(…) The tenth century saw intense military activity coupled with unprecedented movement in the land market. As the empire went on the offensive in Asia Minor, the central cavalry units, the tagmata, gained in importance as a mobile expeditionary force. As the eastern provinces became more secure from invasion, and as booty, captives and conquered lands accumulated, new opportunities and incentives opened up for investment in agricultural land. The situation, and the government’s response to it, evolved rapidly. The emperor Leo VI, in his military manual, the Taktika, inaugurated a more systematic and dogmatic approach to military reform. A generation later, Romanos I initiated a radical and aggressive strategy for the protection and the expansion of the state’s fiscal base which continued into the twelfth century. His Novels imposing restrictions on the purchase of peasant landholdings by the «powerful» were interventionist as well as protective measures, which effectively secured for the state a quasi-proprietary right over a vast category of private property. A Novel of Constantine VII extended this right to another category of land, the landholdings of the theme soldiers. The novelty of this policy needs stressing. Although the Novel justifies its provisions as the confirmation of custom, it was a significant innovation in the Roman law of property. By formally defining soldiers’ property as stratiotika ktemata, the Novel was effectively revoking their private status, and by attaching the burden of military service, the strateia, to land rather than to the families who owned it, the Novel opened the way for the fiscalisation of the strateia, the commutation of the service obligation to a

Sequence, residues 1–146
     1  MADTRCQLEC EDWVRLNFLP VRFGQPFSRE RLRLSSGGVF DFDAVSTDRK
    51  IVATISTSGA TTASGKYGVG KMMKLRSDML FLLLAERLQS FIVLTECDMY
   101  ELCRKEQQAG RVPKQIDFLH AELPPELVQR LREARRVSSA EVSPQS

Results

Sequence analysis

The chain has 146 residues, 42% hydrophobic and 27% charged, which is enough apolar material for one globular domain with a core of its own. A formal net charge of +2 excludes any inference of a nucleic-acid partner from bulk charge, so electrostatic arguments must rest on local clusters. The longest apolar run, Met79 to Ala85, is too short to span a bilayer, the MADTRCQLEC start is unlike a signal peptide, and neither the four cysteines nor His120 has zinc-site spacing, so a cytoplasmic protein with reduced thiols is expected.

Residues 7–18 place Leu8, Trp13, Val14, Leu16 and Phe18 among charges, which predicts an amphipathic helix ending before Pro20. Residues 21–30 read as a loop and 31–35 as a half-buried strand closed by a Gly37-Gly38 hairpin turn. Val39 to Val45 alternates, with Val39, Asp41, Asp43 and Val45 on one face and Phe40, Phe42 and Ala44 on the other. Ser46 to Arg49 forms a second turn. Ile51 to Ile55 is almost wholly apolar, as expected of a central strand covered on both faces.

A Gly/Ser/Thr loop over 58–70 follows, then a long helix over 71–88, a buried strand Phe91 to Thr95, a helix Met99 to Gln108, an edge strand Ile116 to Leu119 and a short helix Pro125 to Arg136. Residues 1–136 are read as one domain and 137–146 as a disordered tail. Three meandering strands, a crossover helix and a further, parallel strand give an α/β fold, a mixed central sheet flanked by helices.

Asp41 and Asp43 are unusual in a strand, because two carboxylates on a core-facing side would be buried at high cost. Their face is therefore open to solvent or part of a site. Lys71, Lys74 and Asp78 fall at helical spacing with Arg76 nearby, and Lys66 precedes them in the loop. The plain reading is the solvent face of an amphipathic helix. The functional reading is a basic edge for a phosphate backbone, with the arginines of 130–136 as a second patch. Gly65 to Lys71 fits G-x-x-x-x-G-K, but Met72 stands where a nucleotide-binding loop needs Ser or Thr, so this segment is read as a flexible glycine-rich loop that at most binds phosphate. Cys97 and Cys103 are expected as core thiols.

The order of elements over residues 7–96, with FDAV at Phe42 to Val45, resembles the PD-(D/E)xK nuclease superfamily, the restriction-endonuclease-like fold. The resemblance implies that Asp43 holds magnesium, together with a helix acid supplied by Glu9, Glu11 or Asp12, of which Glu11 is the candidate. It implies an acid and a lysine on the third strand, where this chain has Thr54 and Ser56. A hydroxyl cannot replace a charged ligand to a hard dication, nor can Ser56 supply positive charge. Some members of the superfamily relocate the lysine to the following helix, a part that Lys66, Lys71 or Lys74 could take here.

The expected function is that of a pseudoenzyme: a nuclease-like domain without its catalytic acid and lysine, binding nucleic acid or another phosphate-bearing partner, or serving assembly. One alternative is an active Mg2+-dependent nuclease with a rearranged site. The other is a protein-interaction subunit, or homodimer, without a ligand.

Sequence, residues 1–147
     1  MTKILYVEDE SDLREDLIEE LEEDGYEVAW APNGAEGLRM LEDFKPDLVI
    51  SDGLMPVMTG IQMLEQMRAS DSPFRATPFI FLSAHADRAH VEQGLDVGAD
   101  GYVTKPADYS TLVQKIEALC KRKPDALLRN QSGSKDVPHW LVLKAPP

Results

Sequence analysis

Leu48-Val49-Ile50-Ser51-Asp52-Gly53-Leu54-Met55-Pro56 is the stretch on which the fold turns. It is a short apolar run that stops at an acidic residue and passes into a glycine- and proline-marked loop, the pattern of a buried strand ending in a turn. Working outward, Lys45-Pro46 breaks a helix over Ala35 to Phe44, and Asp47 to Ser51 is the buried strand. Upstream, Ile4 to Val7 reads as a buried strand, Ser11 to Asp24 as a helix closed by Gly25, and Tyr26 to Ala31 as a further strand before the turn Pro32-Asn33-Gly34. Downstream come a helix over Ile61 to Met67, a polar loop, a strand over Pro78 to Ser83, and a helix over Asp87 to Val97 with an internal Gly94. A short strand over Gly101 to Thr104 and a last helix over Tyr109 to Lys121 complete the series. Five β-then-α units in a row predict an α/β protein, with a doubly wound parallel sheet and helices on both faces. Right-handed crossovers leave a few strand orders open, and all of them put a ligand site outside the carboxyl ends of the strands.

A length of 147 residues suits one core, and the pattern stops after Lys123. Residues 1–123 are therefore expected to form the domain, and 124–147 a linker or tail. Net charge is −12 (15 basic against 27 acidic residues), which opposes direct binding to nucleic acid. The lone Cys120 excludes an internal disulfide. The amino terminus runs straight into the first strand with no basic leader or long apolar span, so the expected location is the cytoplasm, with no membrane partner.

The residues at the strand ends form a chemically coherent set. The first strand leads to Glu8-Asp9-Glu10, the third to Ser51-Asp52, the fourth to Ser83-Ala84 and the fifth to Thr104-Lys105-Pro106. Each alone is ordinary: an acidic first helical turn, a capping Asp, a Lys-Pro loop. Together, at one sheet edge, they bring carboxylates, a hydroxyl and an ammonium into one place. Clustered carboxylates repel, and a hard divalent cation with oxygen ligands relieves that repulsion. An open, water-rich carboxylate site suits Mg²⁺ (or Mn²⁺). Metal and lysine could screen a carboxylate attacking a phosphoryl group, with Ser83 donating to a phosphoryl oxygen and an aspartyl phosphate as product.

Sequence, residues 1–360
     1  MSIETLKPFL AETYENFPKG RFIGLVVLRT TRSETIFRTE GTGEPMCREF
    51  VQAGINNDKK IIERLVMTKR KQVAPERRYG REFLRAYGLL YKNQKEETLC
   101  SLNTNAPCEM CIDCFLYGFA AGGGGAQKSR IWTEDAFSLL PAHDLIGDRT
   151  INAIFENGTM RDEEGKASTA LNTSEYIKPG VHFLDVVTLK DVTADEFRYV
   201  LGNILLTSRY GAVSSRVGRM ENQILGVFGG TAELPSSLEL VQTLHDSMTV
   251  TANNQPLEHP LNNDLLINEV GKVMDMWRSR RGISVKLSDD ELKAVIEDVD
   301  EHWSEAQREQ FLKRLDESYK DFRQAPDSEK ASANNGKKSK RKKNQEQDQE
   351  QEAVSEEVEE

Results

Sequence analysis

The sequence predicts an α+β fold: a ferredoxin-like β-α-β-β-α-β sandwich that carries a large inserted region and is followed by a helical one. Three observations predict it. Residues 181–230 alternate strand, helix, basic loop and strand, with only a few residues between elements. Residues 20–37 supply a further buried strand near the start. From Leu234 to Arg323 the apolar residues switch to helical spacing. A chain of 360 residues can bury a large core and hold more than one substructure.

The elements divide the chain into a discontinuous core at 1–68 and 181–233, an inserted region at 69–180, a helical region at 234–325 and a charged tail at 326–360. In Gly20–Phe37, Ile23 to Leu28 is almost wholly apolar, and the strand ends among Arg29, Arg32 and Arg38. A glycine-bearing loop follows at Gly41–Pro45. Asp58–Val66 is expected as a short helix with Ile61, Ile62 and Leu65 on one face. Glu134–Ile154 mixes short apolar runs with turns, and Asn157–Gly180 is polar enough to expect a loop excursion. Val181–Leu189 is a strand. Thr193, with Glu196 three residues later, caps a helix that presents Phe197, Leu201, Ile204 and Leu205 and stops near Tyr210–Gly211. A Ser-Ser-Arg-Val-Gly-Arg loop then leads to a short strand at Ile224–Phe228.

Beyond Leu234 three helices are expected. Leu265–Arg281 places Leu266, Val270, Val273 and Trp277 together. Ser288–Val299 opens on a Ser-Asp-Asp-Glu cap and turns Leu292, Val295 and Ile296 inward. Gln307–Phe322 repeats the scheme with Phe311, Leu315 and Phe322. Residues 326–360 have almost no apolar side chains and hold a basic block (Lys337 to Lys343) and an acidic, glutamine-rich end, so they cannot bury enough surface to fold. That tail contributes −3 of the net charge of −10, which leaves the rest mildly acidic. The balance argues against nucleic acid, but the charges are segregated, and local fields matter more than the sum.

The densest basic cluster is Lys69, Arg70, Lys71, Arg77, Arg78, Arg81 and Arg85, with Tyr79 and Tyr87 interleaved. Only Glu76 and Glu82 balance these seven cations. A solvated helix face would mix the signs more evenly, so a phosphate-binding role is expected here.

tax. In other words, the Novel had implications both for private litigation and for
government policy, which, whether foreseen or unforeseen, were likely to require further legislation. Accordingly the emperor Romanos II was prompted to issue an edict in March 962 regulating the liability of those who had acquired military property in contravention of his father’s Novel, and who had taken indigent soldiers into their service. The text with which we are concerned also begins by addressing the problem of liability and compensation, and it deals with an aspect of the problem which had not been precisely settled by Romanos.